Suspected drug planes landing in Belize over the course of the 2018 and 2019, they were a frequent item in the evening news. The story had similar themes with different details for each instance.

The narrative was often that an illegally landed aircraft found in a remote part of the country, and law enforcement arrived to find it either burning or completely burnt. In many of those instances, the occupants, and whatever illicit cargo they brought on Belizean soil, were long gone.

In September of last year, the cops caught narco-traffickers who landed a plane on the Coastal Road, carrying just over 60 million dollars of cocaine. It was a combination of good intelligence, quick police response, and good coordination between joint law enforcement teams.

As viewers are aware, however, instances like that one are the exception and not the rule. And that's why it's news that, Belize is about to make a major upgrade in its ability to catch international drug smugglers in the act.

In 9 months, the Department of Civil Aviation is going to acquire a 12 million-dollar radar, which will strengthen the ability of local authorities to not only track legal, but also illegal planes traveling into Belize's airspace.

This morning at the PGIA, the civil aviation authorities signed an agreement for the acquisition of a primary radar. They invited the press to observe the ceremony, and our news team attended. Daniel Ortiz reports:

This morning, The Director of Belize's Department of Civil Aviation signed an important agreement with representatives of COCESNA and Indra Systems for the acquisition of a state-of-the-art piece of equipment which the nation has always been in dire need of.

In about 8 or 9 months from now, Belize will become the owner of a primary radar. Once that is installed, it significantly boosts the civil aviation's ability to monitor the country's aerospace domain.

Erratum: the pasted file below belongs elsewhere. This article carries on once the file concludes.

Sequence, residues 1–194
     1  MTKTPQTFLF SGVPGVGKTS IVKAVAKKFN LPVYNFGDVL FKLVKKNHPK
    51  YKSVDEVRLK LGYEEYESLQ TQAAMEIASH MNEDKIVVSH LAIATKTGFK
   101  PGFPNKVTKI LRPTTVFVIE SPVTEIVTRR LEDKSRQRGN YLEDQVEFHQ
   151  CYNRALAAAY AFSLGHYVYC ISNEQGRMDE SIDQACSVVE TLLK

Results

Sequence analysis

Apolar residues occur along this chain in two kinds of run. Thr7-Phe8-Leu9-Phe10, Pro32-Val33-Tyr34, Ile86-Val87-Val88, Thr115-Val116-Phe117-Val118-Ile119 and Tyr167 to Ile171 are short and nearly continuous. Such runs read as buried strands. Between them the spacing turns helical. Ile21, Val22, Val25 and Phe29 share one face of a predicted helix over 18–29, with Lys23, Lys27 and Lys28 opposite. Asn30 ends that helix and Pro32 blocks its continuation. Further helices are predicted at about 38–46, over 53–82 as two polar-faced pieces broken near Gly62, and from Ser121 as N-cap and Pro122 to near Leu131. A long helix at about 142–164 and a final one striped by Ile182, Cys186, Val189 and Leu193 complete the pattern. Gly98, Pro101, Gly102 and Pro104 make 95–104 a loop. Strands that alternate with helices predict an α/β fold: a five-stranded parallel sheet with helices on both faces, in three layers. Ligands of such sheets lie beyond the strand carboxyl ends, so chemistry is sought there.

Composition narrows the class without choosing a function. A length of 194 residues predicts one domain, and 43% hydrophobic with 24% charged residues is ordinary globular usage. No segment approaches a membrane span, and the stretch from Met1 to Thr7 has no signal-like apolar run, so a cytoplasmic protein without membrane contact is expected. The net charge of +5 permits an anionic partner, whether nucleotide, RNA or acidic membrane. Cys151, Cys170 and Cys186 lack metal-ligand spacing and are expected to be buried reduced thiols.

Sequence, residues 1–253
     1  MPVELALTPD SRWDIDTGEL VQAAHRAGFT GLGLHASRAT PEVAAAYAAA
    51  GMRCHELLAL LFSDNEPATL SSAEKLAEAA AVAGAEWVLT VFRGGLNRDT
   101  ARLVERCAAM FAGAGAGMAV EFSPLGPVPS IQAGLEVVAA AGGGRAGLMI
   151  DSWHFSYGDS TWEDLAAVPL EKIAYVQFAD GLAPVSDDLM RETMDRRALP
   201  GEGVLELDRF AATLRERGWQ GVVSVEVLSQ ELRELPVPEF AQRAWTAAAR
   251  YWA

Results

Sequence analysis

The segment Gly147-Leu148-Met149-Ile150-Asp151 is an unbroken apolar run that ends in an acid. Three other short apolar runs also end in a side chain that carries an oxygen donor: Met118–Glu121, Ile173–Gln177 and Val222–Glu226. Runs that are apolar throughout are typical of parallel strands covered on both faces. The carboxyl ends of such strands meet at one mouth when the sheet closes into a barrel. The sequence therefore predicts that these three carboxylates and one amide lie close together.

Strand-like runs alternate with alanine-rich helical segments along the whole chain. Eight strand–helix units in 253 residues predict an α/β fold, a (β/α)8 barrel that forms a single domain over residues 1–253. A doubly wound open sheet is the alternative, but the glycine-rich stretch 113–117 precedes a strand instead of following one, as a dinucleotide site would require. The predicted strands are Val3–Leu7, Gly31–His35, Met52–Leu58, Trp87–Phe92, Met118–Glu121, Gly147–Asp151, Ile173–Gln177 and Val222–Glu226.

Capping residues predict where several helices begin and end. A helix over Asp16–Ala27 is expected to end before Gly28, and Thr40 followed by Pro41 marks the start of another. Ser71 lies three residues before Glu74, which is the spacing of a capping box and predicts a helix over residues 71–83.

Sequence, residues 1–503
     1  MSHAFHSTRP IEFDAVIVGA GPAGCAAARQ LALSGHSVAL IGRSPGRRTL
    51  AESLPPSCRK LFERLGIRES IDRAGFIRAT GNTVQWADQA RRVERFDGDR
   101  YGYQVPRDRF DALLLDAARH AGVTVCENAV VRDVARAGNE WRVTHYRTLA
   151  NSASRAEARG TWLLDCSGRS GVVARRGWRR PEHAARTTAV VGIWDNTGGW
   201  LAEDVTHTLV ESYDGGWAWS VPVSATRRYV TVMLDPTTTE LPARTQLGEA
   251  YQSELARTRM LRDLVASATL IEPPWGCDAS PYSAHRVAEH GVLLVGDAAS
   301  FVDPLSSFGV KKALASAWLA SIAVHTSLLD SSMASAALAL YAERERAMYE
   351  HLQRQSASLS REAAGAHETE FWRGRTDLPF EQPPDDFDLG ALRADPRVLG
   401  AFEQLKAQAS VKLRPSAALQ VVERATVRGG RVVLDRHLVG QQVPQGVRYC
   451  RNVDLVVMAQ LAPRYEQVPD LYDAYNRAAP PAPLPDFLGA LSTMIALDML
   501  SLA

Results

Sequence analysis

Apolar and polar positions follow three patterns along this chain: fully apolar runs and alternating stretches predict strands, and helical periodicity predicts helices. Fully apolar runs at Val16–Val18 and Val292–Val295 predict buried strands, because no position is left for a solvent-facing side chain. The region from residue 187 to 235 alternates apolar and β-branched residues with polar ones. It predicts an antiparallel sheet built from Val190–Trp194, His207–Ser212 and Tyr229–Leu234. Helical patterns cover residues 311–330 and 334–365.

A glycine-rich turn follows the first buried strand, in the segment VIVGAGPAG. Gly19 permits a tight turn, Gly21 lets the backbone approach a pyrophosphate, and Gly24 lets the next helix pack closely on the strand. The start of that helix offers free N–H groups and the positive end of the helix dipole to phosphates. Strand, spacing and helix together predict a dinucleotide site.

Linsay Garbutt - Director of Civil Aviation
"Having a primary radar gives us in the Department of Civil Aviation the redundancy to ensure that if there is an issue with one of the radars, the other takes its place. Therefore, it provides more consistent and secure surveillance of the Belizean airspace. It also allows us to have more safety for our pilots, airplanes, and the more than 200,000 movements that we have per year in our airspace. It allows us to be able to guide them around weather conditions, something that the secondary radar does not provide."

"It strengthens the national security element, apart from what it adds and provides to civil aviation, it strengthens the ability of the national security forces to detect those force that we did not invite into our airspace."

"It allows us to interconnect with the rest of Central America. So, if one of their radars go down we can provide support, and vice-versa."

According to the Director, Belize is getting access to this primary radar through the facilitation and aid of COCESNA and Indra Systems.

Lindsay Garbutt
"I would like to thank Indra, who has worked with us for years. I would also like to thank COCESNA and in particular the executive president, who was able to negotiate this. Belize should not have benefitted from this until 2022, but through the work and hard work that the executive president and the Board of Directors of COCESNA have done, we'll be able to get this system in place 2 years before it would normally have come."